Melissa:

Sometimes it's finding the canals, sometimes it's negotiating a canal. I don't always have very smooth sailing with molar endos thus far, so naturally I've started to focus on other aspects of dentistry.

 

Howard:

How many implants did you say you've placed?

 

Melissa:

Two.

 

Howard:

Are you excited about learning how to place implants?

 

Melissa:

Yeah, definitely, yes.

 

Howard:

Definitely? Why is that?

 

Melissa:

Well, a lot of people are quite educated, they know what implants are nowadays. They come in asking for it. We didn't come out of dental school knowing how to place implants. We know the theoretical aspect of it, that we don't actually place it. It just feels better if you're able to provide the treatment that a lot of people are asking for. There's a demand for it, and being able to cater to this market, and not turning patients away makes you feel better about things, more accomplished. You are able to satisfy the greater percentage of people.

 

Howard:

You both went with Megagen because, there's four dentists in your practice, and you're two of the four, the senior dentist already chose that system.

 

Melissa:

That's right.

 

Howard:

That's why you're learning that system.

 

Melissa:

Yeah, that's right.

 

Howard:

What other procedures do you want to do or are you excited about? Are you going to learn, do you think, orthodontics, or veneers, or CAD/CAM dentistry? What else do you have your eye on?

 

Melissa:

I've got plans to learn ortho.

 

Howard:

Ortho. Now, how old are you two?

 

Melissa:

I'm twenty five.

 

Howard:

Twenty five.

 

Kevin:

Twenty seven.

 

Howard:

Twenty seven. You're half my age. You're making me feel really old. You have your eye on ortho.

 

Kevin:

Yup. Ortho, and eventually it would be good if I can CAD/CAM as well, but currently my clinic isn't equipped with the machinery.

 

Howard:

You want to learn how to do CAD/CAM?

 

Melissa:

Yeah.

 

Howard:

What system would you use if you went and got a CAD/CAM?

 

Melissa:

Not too sure at this stage. I guess I would do more research on it before I make a decision.

 

Howard:

Now, are you on the website Dentaltown?

 

Melissa:

I liked the page on Facebook.

 

Howard:

You liked Dentaltown on Facebook? Have you gone to the website or downloaded the app on your phone?

 

Melissa:

No, I haven't. I just heard about the app today.

 

Howard:

Oh, you just heard about the app today?

 

Melissa:

Yes, so I'll do it later.

 

Howard:

That's why I'm over here. Have you been on Dentaltown?

 

Kevin:

Yes, I subscribe to the newsletter.

 

Howard:

Do you ever go the the website?

 

Kevin:

Not recently.

 

Howard:

That's why I'm here. That's why I'm 9,219 miles from home, so I can get you there. I'm not counting the miles, but that's why I'm here. I think it's a really neat Internet where you can all learn from each other. What other procedures? You think you'll learn ortho, you say?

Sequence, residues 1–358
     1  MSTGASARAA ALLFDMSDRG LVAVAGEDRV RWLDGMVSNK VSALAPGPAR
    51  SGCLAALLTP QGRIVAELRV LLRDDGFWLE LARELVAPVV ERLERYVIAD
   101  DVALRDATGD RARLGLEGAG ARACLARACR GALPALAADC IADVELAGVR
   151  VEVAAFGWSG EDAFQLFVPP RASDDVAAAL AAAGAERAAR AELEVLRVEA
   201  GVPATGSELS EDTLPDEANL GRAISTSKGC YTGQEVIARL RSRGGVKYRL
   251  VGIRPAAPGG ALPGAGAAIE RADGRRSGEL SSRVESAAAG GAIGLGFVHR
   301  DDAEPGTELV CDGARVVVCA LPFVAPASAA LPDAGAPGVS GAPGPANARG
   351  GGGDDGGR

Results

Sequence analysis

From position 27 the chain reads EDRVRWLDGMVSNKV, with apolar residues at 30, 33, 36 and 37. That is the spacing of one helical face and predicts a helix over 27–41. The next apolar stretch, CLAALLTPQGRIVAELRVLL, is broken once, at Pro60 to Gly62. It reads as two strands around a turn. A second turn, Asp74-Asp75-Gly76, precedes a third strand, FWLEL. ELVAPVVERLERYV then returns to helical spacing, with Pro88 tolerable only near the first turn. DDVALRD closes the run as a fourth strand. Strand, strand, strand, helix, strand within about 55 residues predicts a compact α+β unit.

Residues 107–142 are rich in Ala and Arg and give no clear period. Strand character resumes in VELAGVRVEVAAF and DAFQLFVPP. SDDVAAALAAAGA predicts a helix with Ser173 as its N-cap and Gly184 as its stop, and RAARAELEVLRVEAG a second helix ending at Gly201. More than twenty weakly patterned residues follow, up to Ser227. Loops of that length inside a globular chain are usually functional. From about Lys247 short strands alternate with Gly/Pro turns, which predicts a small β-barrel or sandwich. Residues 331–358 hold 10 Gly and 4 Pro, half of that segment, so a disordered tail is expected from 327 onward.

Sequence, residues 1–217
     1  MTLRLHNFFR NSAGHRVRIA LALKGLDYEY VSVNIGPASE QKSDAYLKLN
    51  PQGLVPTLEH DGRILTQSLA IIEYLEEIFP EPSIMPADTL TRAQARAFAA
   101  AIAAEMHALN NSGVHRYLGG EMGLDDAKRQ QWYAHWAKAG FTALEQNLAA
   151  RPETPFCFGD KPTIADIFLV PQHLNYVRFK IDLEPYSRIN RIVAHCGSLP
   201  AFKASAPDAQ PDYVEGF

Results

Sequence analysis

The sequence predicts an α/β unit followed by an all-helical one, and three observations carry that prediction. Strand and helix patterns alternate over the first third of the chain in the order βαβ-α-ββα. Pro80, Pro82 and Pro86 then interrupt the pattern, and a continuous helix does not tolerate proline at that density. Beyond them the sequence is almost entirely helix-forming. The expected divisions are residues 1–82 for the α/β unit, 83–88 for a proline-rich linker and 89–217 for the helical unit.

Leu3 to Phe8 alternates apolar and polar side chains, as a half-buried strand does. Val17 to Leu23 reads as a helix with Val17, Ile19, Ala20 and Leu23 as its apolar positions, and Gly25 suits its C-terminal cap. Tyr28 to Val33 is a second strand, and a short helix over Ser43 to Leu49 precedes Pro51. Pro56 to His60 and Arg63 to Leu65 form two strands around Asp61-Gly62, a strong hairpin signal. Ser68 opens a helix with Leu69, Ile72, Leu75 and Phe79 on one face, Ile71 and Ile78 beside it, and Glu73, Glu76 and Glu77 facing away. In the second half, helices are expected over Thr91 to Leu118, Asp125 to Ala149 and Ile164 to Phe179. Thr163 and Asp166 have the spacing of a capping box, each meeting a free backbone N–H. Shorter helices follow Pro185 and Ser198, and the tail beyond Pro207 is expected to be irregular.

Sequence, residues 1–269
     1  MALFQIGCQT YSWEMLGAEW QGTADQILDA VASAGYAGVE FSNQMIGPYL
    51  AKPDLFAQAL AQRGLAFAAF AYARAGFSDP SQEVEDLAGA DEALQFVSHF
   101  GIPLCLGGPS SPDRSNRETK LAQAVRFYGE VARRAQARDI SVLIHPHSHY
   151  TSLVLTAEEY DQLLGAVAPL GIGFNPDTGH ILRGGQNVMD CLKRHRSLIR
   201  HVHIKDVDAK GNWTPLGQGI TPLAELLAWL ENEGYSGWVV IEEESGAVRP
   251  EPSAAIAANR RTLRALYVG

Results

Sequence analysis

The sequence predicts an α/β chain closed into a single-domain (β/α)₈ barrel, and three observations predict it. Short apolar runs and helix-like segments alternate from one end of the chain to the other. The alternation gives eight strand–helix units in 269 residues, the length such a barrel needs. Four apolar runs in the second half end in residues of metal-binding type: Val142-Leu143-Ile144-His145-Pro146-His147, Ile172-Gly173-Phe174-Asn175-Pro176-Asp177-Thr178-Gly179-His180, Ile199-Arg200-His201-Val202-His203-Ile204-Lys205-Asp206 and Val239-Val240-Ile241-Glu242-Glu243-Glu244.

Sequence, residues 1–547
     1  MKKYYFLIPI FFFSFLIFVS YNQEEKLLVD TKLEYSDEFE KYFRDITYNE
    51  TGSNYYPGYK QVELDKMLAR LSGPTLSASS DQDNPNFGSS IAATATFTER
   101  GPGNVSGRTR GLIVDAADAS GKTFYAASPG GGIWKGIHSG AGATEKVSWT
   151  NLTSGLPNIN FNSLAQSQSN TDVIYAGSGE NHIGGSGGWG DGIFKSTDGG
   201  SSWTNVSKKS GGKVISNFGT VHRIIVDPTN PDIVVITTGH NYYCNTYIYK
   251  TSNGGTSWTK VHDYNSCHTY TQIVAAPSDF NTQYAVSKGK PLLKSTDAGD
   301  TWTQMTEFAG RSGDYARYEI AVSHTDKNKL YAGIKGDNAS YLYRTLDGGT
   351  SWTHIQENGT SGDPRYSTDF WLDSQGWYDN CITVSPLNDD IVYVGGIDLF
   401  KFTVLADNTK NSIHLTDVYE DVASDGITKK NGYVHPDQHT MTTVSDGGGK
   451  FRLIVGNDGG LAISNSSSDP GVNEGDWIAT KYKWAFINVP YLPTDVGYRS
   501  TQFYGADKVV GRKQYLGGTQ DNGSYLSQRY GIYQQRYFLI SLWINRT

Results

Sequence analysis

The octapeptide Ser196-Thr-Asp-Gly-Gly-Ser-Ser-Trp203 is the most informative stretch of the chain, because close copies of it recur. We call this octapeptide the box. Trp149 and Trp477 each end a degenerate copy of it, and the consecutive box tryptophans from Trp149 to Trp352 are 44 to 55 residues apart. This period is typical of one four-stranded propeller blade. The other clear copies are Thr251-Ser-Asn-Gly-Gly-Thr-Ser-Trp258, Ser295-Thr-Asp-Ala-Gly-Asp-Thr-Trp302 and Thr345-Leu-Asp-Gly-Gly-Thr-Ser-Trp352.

Melissa:

Yup.

 

Howard:

What kind of ortho?

 

Melissa:

The Clearliners, definitely, and the normal metal straight wire ones.

 

Howard:

You want to learn both the fixed brackets and wires, and the removable clearliners, like Invisalign, or something like that.

 

Melissa:

Yeah, that's right.

 

Howard:

What about children? Do you like pediatric dentistry?

 

Melissa:

I don't mind children. Lots of patients that coming in with their children first, then you build the practice up because the family members that coming in. I wouldn't say I particularly enjoy working with kids at this stage. It takes a lot of energy sometimes. It's good when you manage to get the kid's cooperation, and they like you, but sometimes we just go nowhere.

 

Howard:

Did you think about specializing, or did you always know you wanted to be a general dentist, family dentist?

 

Melissa:

I'm still open to the idea of specializing, but it's not something that I'm going to pursue at this stage, especially because I'm only one year out. I haven't really found a particular aspect of dentistry that I would want to commit the rest of my career to. I'm open to just trying everything out and seeing what I'm actually most comfortable, and what I enjoy doing best before I go and specialize and focus only on one region.

 

Howard:

Now, are either of you married?

 

Melissa:

No.

 

Howard:

No? You're still single?

 

Melissa:

Yep.

 

Howard:

Both of you were born in Singapore?

 

Melissa:

Yeah.

 

Howard:

Why did both of you go all the way to Adelaide, Australia, for dental school? Is it just because the dental school class here is small, and it was just where you got accepted?

 

Melissa:

Pretty much, yes. For me, for myself.

 

Howard:

For yourself? Did you enjoy Adelaide, Australia?

 

Melissa:

Yeah, I loved it.

 

Howard:

How long did you live in Australia?

 

Melissa:

For five years.

 

Howard:

Five years? How about you?

 

Kevin:

Yeah, same. Five years.

 

Howard:

Did you think about staying in Australia, or what made you want to come home to Singapore? Was it mom, dad and family? Did you like Singapore more than Australia? Tell me your thoughts on that.